Fresh off announcing his re-election campaign, Rep. Denver Riggleman, R-5th, attended an event Thursday hosted by the College Republicans at the University of Virginia to discuss his first term and drum up support.
During his term, Riggleman has drawn much attention for actions that have displeased some conservatives in the district.
Freshmen lawmakers came into Washington at the start of 2019 ready to get to work. While they eventually did, they also arrived in a Washington that was largely shuttered by a government shutdown.
Freshman Virginia Republican Denver Riggleman says the year was a whirlwind, even if he wasn’t happy with much of what he was forced to become a part of.
Last year Virginians sent three new Democrats and two freshly minted Republicans to Washington, and at times it felt like impeachment was the only thing happening in the Capitol. While that was never the case, many bipartisan proposals went untouched by one chamber or another, like addressing the opioid crisis and keeping insurance companies from slapping patients with surprise medical bills.
Freshman Virginia Republican Denver Riggleman is excited to move past impeachment in the New Year.
Congressman Denver Riggleman sent a letter to the Secretary of Agriculture to discuss potential changes to the implementation of the U.S. Domestic Hemp Production Program.
Riggleman's letter to Secretary of Agriculture, Sonny Perdue, the letter suggested improvements to benefit farmers and align the rules with the realities that hemp farmers face while growing.
Some people can’t figure out Rep. Denver Riggleman.
They say he’s too far to the left, too far to the right or too libertarian. He votes with President Donald Trump a lot, but sometimes he votes against the president’s wishes. What’s up with him being in the House Freedom Caucus? Why did he officiate a gay wedding?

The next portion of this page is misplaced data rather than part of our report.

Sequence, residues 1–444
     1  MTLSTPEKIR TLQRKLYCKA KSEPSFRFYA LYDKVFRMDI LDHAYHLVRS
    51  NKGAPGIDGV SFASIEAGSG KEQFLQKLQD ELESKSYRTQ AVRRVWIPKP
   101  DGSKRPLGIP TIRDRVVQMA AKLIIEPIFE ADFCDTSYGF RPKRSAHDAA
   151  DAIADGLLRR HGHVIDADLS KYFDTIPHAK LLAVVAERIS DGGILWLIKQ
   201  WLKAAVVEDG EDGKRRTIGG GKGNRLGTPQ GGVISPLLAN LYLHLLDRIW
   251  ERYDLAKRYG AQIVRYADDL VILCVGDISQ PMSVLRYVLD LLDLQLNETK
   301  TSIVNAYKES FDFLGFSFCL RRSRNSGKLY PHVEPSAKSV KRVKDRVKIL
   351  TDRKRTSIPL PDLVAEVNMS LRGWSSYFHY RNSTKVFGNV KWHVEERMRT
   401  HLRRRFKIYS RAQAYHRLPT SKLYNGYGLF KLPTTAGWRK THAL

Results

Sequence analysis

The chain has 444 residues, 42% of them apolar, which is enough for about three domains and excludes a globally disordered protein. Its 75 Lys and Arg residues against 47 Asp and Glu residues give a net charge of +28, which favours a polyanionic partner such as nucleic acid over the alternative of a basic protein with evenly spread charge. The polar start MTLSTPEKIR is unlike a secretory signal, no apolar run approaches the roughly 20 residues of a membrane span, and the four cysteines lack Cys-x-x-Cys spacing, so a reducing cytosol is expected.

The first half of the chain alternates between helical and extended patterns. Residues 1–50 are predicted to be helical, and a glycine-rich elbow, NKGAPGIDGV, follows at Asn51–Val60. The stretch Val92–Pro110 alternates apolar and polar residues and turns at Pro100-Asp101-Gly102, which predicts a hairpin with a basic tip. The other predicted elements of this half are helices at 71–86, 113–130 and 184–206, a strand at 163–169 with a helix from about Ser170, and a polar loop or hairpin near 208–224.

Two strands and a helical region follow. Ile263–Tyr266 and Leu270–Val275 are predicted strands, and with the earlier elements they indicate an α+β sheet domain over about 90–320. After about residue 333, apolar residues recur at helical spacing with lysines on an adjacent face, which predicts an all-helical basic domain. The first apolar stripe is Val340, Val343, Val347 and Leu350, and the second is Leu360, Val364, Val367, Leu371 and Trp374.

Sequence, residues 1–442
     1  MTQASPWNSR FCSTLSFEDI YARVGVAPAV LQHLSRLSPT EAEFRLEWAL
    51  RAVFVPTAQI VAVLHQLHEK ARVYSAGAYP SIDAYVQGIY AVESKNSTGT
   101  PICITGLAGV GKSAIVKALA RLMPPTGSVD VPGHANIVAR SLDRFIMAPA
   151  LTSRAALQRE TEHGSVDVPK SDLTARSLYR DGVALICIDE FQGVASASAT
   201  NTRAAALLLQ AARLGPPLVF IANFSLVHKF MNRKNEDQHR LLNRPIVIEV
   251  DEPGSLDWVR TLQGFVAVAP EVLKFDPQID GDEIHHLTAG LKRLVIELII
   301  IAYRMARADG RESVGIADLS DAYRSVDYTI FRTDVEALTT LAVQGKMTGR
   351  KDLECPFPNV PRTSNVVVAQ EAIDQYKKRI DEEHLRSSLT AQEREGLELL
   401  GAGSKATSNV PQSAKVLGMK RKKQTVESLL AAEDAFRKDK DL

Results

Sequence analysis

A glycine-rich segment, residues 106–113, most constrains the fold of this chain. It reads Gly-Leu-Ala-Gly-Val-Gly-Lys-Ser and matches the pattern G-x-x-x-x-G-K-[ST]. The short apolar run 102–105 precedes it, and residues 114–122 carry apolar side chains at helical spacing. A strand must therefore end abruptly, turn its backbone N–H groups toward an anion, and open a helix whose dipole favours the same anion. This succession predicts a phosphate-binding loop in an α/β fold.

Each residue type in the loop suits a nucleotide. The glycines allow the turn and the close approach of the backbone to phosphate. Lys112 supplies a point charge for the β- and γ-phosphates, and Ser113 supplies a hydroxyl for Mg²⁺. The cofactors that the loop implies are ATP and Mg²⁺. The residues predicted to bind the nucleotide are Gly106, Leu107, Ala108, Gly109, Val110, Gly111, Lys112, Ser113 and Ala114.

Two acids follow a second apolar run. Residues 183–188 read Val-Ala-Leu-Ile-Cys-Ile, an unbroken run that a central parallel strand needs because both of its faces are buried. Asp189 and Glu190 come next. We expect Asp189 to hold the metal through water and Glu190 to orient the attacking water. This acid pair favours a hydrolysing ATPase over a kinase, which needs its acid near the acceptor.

It’s been one month since Republicans suffered defeat at the ballot box that resulted in Democrats taking control of the General Assembly, and they’re drinking a lot of booze in the remote mountains of Bath County.
In rooms throughout the Omni Homestead Resort on Friday night, macaroons and cream puffs covered tables as a few hundred Republican activists filtered in and out to mingle with their peers. In one room, they sipped liquor brought from the distillery owned by the wife of Rep. Denver Riggleman, R-Nelson.
Denver Riggleman has a clear message for detractors in his own party.
“As far as what anybody says about me, I really don’t give a rat’s,” the congressman for Virginia’s 5th District said on Friday. “I’m going to run on what I believe and who I am.”
Riggleman stopped by several locations in Charlottesville on Friday, including Tandem Friends School and the Blue Ridge Area Food Bank.
Bob Good, Campbell County's Supervisor is running for the Fifth District Congressional seat, challenging Congressman Denver Riggleman.
Vice President Mike Pence traveled to rural Louisa County to “turn up the heat” on Democrats and urge approval of President Donald Trump’s signed trade deal with Mexico and Canada.
About 500 people gathered at Patriot Industries, a steel and aluminum manufacturer, on Saturday to hear Pence, former Virginia Gov. George Allen and U.S. Reps. Denver Riggleman, R-5th, and Rob Wittman, R-1st, discuss the United States-Mexico-Canada trade agreement.
Politics didn’t matter to the 3- to 5-year-olds in the Head Start class at STEP, Inc., in Rocky Mount last week when U.S. Rep. Denver Riggleman (R-Nelson) paid them a visit. The first-term congressman, who was there to learn more about the Head Start and Early Head Start programs, along with STEP’s other services, didn’t seem to mind, either.